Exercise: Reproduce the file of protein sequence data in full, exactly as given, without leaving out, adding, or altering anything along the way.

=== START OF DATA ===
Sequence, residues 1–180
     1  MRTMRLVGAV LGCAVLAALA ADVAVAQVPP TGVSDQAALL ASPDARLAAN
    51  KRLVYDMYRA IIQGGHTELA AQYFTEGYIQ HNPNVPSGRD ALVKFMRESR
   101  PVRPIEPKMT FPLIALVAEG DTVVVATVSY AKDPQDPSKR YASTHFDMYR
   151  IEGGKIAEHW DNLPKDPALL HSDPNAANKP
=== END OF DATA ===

Sequence, residues 1–180
     1  MRTMRLVGAV LGCAVLAALA ADVAVAQVPP TGVSDQAALL ASPDARLAAN
    51  KRLVYDMYRA IIQGGHTELA AQYFTEGYIQ HNPNVPSGRD ALVKFMRESR
   101  PVRPIEPKMT FPLIALVAEG DTVVVATVSY AKDPQDPSKR YASTHFDMYR
   151  IEGGKIAEHW DNLPKDPALL HSDPNAANKP